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The NC-4, a United States Navy flying boat constructed in 1918 by the Glenn Curtiss Company, was the first aircraft ever to complete a successful flight across the Atlantic Ocean. Unlike the epic solo flight of Charles A. Lindbergh some eight years later, the crossing of the NC-4 was not made nonstop but, rather, was achieved in a kind of hop, skip and a jump that required almost two weeks to complete.
The NC (Navy Curtiss) flying boats were produced after Rear Admiral David Taylor, then the Navy's chief of construction and repair, determined in 1917 that the United States needed a seaplane capable of flying across the Atlantic to strike at German U-boats in European coastal waters. In less than a year, Curtiss turned out the first of his remarkably advanced craft.
The NC flying boats, which carried a five-man crew, featured a highly efficient, streamlined fuselage (actually a hull) that proved to be exceptionally seaworthy. Powered by four 12-cylinder, 400-horsepower Liberty engines, the NC-4 was a biplane with a box-like, tail assembly that was mounted on outrigger booms extending aft from the hull and upper wing.
In May 1919, three Curtiss flying boats--the NC1,NC-3 and NC-4--took off from Newfoundland, and headed for the Port of Horta in the Azores, nearly 1,400 air miles to the southeast. Their ultimate destination was Plymouth, England. To assist the three flight crews in navigating their way across the open ocean, a fleet of nearly 70 U.S. Navy destroyers was deployed at 50-mile intervals along their route.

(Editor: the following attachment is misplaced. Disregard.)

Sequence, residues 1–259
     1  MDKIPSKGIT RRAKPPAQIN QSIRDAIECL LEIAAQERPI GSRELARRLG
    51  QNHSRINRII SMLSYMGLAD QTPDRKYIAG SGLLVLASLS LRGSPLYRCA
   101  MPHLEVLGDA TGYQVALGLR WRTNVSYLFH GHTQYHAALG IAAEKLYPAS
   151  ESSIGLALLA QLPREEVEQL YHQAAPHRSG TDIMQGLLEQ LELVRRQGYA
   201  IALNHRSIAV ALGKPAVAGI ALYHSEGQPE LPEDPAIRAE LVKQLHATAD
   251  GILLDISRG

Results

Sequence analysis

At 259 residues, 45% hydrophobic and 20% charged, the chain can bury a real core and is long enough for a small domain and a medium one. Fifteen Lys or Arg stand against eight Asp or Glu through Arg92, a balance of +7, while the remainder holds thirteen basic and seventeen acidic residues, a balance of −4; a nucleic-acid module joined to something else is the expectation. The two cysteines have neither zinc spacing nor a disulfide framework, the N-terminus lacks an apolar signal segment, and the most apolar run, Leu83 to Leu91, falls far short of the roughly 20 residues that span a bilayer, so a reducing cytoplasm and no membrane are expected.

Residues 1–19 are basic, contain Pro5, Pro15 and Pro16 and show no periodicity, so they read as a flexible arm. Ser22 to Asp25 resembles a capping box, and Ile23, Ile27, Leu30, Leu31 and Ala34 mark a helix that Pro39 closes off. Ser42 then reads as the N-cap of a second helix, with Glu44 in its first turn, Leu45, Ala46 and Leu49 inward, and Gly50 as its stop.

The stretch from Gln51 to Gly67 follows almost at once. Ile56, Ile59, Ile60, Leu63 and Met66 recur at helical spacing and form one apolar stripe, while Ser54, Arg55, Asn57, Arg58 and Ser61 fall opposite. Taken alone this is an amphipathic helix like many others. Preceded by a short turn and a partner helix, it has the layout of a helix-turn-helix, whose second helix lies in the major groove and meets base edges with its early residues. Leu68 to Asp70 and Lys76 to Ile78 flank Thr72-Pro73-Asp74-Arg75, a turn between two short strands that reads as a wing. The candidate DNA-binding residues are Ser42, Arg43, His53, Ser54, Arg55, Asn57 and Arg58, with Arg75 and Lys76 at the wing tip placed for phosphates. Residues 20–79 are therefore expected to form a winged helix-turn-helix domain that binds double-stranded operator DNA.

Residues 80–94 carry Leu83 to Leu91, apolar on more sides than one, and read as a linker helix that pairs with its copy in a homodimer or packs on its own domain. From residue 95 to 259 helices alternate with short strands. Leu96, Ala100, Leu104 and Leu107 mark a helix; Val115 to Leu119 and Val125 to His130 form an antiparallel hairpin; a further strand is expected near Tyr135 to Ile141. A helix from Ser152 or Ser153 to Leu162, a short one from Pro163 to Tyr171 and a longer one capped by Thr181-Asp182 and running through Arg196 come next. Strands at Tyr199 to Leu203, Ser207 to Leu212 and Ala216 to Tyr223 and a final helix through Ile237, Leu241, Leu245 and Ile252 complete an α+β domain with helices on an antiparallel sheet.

Of the three planes, only the NC-4--under the command of Lieutenant Commander Albert Read--made it safely into Horta. From there it flew on to Lisbon, Portugal and finally landed at Plymouth, England on May 31.
Both the NC- I and NC-3 were forced down at sea in a heavy
fog some 200 miles west of the Azores. The NC-1 foundered and sank after its crew had been
picked up by a passing Greek freighter. However, the NC-3 under Commander John
Towers, who was in charge of the entire operation, was more fortunate. Towers and his men
rigged a mast and sailed the NC-3 safely into Horta harbor.
The preceding information was extracted from the pamphlet,
"The Great Airplanes Sterling Silver Miniature Collection", published by The Franklin Mint, 1979.
Permission was granted to ALLSTAR by The Franklin Mint to use the preceding materials.
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Updated: March 12, 2004